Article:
The super PAC formed to re-elect Justice Paul Newby to the state Supreme Court has spent $1.3 million on the intentionally corny banjo TV ad promoting the incumbent, newly released records show. And the records provide the first glimpse of who is backing the independent campaign.
The N.C. Judicial Coalition comprised of key figures in North Carolina conservative politics and a Democratic former chief justice racked up that amount just between Oct. 11 and Oct. 23, according to reports filed with the state Board of Elections over the weekend. Previously, it had been known only that the PAC, an independent expenditure committee, had spent more than $800,000 on TV ads.
The committee reported receiving $723,525 through the third quarter of this year. While the disclosures show some of the contributors, the single biggest chunk of money comes from another independent expenditure committee, which has not yet reported its donors. Justice for All N.C., which was formed in May, gave $395,000 to the pro-Newby PAC in October.
Other contributors include: the N.C. Chamber independent expenditure committee, $163,700; R.J. Reynolds, $100,000; Judicial Coalition board chairman and Raleigh businessman Bob Luddy, $25,000; and Wilmington business owner Neil Bender II, $25,000. The N.C. Chamber super PAC reports spending an additional $77,000 to promote Newby through its own advertising.
The Judicial Coalition spent $617,590 last week after the third-quarter reporting had concluded. Newby is running against appellate court Judge Sam Ervin IV. Outside groups supporting Ervin have not reported spending anything close to this amount.
Independent expenditure committees, which are also referred to as super PACs, can raise and spend unlimited money to elect or defeat candidates, so long as they do not coordinate with the candidates campaigns.
The rapid escalation of money in the nonpartisan Supreme Court election over the past couple of weeks prompted a group of 39 lawyers and former judges, predominantly Democratic, on Friday to condemn the situation as a threat to the independence of the judiciary and as potentially undermining the public financing of appellate division judicial campaigns. But Republicans tend to counter that the criticism is partisan and hypocritical, and that people, unions and corporations have the free-speech right to spend money in politics.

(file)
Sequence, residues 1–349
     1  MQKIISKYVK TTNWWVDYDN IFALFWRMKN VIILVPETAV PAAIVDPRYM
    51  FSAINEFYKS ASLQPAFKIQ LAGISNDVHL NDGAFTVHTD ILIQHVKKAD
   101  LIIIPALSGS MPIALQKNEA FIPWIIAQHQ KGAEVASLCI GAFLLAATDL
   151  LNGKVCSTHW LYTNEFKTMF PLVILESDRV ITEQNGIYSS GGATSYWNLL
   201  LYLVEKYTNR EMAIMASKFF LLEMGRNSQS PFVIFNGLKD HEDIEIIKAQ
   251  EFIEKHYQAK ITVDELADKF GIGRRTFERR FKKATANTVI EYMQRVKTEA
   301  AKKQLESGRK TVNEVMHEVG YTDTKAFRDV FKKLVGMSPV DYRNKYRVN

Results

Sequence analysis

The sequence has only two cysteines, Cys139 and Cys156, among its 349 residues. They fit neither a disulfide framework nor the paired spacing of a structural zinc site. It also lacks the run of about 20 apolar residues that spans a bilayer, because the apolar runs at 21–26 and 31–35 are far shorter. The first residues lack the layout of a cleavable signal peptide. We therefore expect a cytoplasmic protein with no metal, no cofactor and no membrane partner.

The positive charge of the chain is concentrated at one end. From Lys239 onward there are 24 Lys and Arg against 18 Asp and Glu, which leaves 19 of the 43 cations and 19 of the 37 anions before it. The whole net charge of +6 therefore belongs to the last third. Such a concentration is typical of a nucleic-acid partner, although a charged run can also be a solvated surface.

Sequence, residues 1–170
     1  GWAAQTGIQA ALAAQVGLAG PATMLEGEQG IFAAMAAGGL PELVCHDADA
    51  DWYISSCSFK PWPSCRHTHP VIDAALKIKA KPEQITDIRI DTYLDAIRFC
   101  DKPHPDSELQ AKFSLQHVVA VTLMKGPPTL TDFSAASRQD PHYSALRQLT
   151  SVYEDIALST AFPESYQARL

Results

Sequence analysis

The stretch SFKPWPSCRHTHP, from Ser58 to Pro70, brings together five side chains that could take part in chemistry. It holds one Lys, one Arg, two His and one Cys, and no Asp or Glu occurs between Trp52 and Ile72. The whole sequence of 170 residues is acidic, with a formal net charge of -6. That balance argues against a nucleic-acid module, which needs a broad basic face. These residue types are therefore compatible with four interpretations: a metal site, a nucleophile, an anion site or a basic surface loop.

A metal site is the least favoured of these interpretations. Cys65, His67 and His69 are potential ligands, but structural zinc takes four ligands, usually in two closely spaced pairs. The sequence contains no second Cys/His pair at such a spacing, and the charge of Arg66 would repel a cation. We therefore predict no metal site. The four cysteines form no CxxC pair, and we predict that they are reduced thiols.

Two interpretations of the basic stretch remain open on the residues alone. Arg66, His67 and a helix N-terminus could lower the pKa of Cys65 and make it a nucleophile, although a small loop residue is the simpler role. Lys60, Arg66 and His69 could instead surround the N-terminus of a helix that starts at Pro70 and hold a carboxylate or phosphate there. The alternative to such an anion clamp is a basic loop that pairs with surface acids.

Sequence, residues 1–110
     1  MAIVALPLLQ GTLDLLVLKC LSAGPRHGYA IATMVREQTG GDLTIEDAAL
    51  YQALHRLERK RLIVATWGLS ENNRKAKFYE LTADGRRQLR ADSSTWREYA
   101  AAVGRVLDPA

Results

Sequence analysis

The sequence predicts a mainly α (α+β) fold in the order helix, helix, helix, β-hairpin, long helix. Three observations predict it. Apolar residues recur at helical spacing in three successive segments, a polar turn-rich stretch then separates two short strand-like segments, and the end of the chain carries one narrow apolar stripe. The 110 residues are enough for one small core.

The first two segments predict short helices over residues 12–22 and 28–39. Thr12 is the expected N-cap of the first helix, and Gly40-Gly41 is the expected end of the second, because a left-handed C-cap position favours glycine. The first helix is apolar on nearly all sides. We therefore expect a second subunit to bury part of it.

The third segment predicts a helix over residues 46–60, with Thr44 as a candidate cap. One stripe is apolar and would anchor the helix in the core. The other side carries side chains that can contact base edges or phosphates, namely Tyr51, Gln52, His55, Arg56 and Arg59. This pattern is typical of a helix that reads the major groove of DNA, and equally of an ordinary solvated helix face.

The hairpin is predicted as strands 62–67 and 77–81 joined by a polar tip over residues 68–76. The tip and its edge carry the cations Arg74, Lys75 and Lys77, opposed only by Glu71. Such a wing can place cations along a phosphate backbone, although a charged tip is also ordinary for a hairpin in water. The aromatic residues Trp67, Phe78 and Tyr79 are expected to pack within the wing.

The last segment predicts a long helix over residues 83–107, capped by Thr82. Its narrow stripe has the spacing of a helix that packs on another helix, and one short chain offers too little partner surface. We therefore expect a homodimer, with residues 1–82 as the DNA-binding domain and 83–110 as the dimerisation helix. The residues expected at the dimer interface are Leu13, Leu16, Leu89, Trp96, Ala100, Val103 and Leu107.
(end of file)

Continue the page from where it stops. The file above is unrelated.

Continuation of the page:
Election help hotline
A national project has set up a hotline to help steer voters through impediments they might encounter. The Election Protection initiative, headquartered at the Lawyers committee for Civil Rights Under Law in Washington, D.C., says its nonpartisan. That number is 866-OUR-VOTE. Democracy N.C. is helping staff the phones during early voting.
The law school at UNC-Chapel Hill will be staffing the call center on Election Day. Democracy N.C.s Bob Hall says voters might be confused because of redistricting, which he contends disproportionately put minorities in new districts, or that they might be intimidated by tea party-inspired voter ID groups. Locally, the Voter Integrity Project has been challenging local and state elections boards to clean up voter rolls, as part of their campaign to prove widespread voter fraud.
There is a Democracy N.C. voter information website available at www.NCElectionConnection.com.
Keith Karlsson, Democratic candidate for House District 49, will run the City of Oaks Marathon in Raleigh on Nov. 4. Hell add that to marathons hes completed in New York, Paris and Washington. The state NAACP continues its Million Voters March III tour around the state leading up to Election Day. About a dozen events are scheduled. The N.C. Bar Association has set up a website www.electncjudges.org to provide impartial information about the District and Superior court candidates. It includes a survey from evaluations of the candidates. You can check them out by county.
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